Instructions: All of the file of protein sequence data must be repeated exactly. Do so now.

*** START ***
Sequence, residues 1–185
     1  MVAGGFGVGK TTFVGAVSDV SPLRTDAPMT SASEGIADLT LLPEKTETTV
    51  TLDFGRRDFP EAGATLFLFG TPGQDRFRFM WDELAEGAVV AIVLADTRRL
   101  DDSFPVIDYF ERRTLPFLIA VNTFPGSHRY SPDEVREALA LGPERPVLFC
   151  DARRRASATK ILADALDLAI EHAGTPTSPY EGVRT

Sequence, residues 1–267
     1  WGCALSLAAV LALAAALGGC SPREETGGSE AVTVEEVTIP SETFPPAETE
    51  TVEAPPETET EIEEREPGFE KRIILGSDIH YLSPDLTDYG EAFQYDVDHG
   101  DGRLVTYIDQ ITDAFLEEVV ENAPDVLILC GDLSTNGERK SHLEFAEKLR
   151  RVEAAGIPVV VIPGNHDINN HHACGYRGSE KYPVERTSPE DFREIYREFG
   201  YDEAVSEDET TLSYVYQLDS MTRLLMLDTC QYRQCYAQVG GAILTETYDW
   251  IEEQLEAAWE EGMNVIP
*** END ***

Sequence, residues 1–185
     1  MVAGGFGVGK TTFVGAVSDV SPLRTDAPMT SASEGIADLT LLPEKTETTV
    51  TLDFGRRDFP EAGATLFLFG TPGQDRFRFM WDELAEGAVV AIVLADTRRL
   101  DDSFPVIDYF ERRTLPFLIA VNTFPGSHRY SPDEVREALA LGPERPVLFC
   151  DARRRASATK ILADALDLAI EHAGTPTSPY EGVRT

Sequence, residues 1–267
     1  WGCALSLAAV LALAAALGGC SPREETGGSE AVTVEEVTIP SETFPPAETE
    51  TVEAPPETET EIEEREPGFE KRIILGSDIH YLSPDLTDYG EAFQYDVDHG
   101  DGRLVTYIDQ ITDAFLEEVV ENAPDVLILC GDLSTNGERK SHLEFAEKLR
   151  RVEAAGIPVV VIPGNHDINN HHACGYRGSE KYPVERTSPE DFREIYREFG
   201  YDEAVSEDET TLSYVYQLDS MTRLLMLDTC QYRQCYAQVG GAILTETYDW
   251  IEEQLEAAWE EGMNVIP